2Q - 2018
Ally’s retail deposits grew 15% year-over-year. They have an average balance of approximately $54,000. Millennials continue to comprise the largest generation segment of new customers at 56%. In addition, customer retention remains strong at 96% in 2018.
CIT’s strategy to reduce deposit costs relative to the index shifts origination to lower cost non-maturity deposits and lower balance amounts. As a result, savings balances grew by over 23% from $6.4 Billion to $7.9 Billion driving total on-line deposit growth from $12.4 Billion to $13.9 Billion from Q1 to Q2.
1Q - 2018
PurePoint Bank which launched in early 2017 by MUFG Union Bank has generated about $3 Billion in deposits.
Marcus has almost doubled their balances since Goldman bought the GE Capital Bank platform in April 2016.
4Q - 2017
Synchrony had an 87% retention rate on certificates of deposit balances up for renewal for the year ended December 31, 2017.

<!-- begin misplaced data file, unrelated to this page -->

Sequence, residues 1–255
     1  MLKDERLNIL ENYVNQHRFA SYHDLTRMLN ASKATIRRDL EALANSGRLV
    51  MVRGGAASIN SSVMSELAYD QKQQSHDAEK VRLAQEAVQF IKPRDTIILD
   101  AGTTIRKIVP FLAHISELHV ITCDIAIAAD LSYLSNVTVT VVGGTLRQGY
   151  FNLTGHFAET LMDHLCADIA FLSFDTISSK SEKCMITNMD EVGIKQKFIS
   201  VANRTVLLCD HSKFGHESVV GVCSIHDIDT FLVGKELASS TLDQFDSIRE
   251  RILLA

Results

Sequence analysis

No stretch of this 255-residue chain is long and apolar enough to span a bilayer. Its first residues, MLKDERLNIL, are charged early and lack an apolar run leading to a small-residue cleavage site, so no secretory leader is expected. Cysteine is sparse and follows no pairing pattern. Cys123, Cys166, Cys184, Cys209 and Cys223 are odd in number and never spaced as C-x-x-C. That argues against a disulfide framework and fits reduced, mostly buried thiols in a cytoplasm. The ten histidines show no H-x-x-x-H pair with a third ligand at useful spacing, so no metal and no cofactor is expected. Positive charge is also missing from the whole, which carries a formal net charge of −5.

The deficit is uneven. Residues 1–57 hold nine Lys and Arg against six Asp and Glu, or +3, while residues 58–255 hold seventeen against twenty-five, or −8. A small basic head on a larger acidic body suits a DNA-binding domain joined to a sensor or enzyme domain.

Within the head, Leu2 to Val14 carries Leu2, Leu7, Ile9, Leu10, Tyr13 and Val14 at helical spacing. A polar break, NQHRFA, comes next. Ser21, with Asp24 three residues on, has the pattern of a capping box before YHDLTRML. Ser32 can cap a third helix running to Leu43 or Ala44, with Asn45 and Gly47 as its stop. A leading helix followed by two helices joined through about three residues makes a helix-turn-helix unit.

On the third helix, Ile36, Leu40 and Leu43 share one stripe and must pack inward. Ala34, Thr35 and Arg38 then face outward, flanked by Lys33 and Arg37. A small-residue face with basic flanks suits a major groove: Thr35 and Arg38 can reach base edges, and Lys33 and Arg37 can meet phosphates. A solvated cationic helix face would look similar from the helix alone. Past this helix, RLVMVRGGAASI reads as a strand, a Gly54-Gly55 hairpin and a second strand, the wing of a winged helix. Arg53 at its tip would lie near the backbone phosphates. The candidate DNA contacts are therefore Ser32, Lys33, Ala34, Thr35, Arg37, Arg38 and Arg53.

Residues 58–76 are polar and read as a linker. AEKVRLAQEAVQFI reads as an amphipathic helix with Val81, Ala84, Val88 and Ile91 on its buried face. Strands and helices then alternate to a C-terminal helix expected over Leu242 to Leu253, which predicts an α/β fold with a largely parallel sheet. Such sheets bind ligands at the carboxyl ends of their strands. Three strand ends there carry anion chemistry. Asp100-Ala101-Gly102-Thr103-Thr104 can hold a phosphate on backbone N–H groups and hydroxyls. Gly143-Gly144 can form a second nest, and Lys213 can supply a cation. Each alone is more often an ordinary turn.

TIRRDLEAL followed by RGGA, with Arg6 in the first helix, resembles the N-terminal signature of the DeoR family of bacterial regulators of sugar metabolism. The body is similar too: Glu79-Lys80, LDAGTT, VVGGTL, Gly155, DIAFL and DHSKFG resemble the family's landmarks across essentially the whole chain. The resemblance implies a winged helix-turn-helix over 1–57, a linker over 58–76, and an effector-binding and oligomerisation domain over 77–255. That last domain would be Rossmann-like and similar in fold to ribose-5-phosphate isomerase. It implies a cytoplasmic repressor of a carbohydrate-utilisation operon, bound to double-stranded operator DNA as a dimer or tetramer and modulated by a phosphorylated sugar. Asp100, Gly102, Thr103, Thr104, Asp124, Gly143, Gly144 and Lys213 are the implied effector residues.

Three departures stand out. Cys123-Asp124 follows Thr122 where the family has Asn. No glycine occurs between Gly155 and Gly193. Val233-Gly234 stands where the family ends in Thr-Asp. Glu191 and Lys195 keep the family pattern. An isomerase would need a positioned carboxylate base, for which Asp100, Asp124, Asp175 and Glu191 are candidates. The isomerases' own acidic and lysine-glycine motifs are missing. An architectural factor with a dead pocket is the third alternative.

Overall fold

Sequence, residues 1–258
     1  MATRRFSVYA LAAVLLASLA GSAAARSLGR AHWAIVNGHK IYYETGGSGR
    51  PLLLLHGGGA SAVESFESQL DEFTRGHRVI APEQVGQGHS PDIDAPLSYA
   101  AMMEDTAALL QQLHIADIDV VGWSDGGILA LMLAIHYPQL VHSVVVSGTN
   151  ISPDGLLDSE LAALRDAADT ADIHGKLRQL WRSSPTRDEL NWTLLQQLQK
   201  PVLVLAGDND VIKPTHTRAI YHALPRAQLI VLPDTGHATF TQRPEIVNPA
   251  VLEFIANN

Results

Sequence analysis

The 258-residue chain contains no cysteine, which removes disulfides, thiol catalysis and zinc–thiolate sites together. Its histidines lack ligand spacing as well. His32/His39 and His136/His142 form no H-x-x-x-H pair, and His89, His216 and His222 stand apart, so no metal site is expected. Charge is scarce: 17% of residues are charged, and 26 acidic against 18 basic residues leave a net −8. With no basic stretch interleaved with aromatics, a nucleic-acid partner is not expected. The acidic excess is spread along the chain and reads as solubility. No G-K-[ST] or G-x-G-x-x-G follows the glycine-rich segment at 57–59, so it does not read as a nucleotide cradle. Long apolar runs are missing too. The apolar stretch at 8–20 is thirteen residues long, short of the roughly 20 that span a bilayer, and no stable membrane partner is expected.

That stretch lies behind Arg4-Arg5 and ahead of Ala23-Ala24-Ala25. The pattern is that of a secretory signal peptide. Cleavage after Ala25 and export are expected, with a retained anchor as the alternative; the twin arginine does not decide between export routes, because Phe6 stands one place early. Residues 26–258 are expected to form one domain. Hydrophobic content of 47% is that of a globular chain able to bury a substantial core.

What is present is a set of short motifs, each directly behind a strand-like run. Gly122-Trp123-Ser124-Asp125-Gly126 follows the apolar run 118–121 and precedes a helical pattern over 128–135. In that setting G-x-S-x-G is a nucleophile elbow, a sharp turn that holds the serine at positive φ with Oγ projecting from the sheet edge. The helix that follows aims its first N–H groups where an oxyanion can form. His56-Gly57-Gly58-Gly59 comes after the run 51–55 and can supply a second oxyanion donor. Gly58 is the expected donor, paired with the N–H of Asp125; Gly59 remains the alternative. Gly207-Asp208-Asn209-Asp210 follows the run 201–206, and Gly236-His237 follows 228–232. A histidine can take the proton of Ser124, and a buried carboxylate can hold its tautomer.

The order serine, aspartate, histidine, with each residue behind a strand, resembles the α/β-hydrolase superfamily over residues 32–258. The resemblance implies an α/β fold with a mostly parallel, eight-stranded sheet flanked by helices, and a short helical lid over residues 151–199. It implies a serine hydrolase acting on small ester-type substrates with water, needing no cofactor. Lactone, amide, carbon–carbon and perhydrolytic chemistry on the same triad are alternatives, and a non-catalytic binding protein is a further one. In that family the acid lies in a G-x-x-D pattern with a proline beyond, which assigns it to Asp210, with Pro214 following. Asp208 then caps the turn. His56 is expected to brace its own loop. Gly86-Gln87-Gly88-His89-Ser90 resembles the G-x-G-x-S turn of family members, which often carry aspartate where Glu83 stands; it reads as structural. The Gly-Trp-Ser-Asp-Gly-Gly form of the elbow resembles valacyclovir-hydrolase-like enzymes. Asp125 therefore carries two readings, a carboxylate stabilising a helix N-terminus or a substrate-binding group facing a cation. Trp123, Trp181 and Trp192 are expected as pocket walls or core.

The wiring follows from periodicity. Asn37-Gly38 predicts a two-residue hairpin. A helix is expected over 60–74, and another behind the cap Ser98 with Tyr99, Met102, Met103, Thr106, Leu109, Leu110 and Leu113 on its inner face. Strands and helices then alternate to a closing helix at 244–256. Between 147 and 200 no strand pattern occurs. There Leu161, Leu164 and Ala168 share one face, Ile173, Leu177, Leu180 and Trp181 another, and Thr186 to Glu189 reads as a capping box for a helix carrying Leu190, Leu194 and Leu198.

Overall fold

Sources: Company Annual and Quarterly Reports and Press Releases
Recent trends of higher rates and a decline in deposits overall have negatively impacted smaller banks.
Deposits at banks with less than $10 Billion in assets fell 3% from June 2017 to June 2018 while banks $10 Billion and higher increased deposits by 6%. According to industry analysts, smaller banks will have to raise rates more aggressively to reverse course. This decline started in Q3 2017. Note that over the last 5 years, the loan to deposit ratio of community banks has steadily risen to about 85%.
After nearly a decade in which deposit funding has largely been taken for granted, many industry analysts predict a deposit squeeze for the banking industry, and for mid-sized and community banks in particular. Core deposit growth has stagnated at banks under $10B in assets.
Many of our clients tell us they are beginning to experience low to negative growth in core deposit balances and turning to CD specials to help fund loan growth. And JP Morgan recently predicted that deposit shortages at smaller and mid-sized banks could become acute (assuming the Fed proceeds later this year with moves to limit quantitative easing), leading to constraints on lending and forcing many community banks to seek partners through M&A.